The VA scandal and ObamaCare: similarities and differences

If you haven’t been hiding under a rock over the last few weeks, you are probably aware of the ongoing scandal at the Veterans Administration. The basics of the scandal involve lengthy wait-times for veterans’ treatment in some cases resulting in death, manipulation of data on treatment and wait-times among top brass at the VA, and outright fraud perpetrated on veterans and taxpayers alike.

This is not the first time that veterans have been failed (remember the Walter Reed scandal?) by their government when it comes to their health care. Given the Obama Administration’s marquee legislative accomplishment “ObamaCare” and this scandal which has signs of “sticking” in ways that other scandals during this Administration have not, it is worth exploring the parallels and differences between ObamaCare and the VA.

The VA is a classic “single-payer” system. This more closely parallels the British or Canadian models than ObamaCare. Not surprisingly, many of the issues causing the VA scandal (rationing, wait-lists, and inadequate care) are often cited as problems with “single-payer” models. I’m not a huge Sarah Palin plan, but I think she was being generous when she made her “death-panels” comments. The reality is that the system’s own inertia will kill people (as has happened with the VA) not an organized panel.

It is worth noting that the VA serves America’s veterans. Few groups in this country are viewed more favorably by all sectors of society. One would expect that health care for a relatively small number of people who served their nation and are viewed sympathetically by large swaths of the population would be BETTER than any care provided to the population at large.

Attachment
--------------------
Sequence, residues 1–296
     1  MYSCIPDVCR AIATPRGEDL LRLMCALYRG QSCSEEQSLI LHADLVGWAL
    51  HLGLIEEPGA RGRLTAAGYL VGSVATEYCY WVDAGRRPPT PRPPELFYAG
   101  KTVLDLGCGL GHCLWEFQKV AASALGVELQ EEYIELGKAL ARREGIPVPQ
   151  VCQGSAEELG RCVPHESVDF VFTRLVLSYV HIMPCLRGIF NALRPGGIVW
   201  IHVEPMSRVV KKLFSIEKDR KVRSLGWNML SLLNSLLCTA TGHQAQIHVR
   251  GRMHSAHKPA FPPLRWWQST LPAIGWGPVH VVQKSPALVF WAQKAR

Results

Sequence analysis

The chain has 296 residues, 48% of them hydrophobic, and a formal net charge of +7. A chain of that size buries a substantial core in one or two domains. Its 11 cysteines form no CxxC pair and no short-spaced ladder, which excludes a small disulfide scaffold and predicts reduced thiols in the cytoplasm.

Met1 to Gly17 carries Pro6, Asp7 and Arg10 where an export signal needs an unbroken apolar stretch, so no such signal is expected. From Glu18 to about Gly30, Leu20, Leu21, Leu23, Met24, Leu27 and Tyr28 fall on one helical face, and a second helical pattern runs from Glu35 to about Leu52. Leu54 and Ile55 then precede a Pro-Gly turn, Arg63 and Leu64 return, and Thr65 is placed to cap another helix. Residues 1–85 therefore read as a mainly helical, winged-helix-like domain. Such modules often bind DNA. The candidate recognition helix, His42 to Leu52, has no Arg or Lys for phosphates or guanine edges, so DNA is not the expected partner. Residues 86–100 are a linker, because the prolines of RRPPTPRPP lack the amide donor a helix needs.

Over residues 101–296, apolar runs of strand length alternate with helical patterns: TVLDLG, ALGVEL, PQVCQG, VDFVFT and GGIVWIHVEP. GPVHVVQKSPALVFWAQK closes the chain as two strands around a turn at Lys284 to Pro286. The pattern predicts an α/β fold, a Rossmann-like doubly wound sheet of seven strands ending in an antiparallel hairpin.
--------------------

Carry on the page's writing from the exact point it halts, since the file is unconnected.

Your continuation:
In terms of differences, there is no question that ObamaCare as designed is NOT single-payer. The law simply places additional regulations onto our “third-party-payment” system in which Americans’ health care is paid for by someone else whether that be insurance companies or (increasingly) other taxpayers through government programs like Medicaid. However, many believe that ObamaCare is intended to move America down the path to “single-payer.” None other than Senate Majority Leader Harry Reid Reid has said that he sees a national single-payer health system as the natural next step for health care in America. Reid said the nation had to “work its way past” insurance-based health care.

Reid and conservative Sen. Tom Coburn don’t agree on much, but they do agree that ObamaCare is a significant step towards “single-payer.”

So far, Republicans seem content to concentrate their ire on the individuals involved in the scandal (Obama, Shinseki, a few rogue bureaucrats), when the problem is the incentives (or lack-thereof) of the “single-payer” system itself. Of course, Republicans have played a tremendous role in creating the VA and I doubt they have the interest in or ability to really reform the system so it works, so I doubt we’ll see much discussion of the systematic problems inherent in the VA model.

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2 Replies to “The VA scandal and ObamaCare: similarities and differences”

  1. The VA controls costs by limiting patient access. Instead of hiring new staff to reduce wait times(which it would have to do if it were a private hospital system competing with other private health care facilities), it pretty much does as it pleases because it is a government monopoly.Stated differently, the bureaucratic institution is more important than the individual patient.

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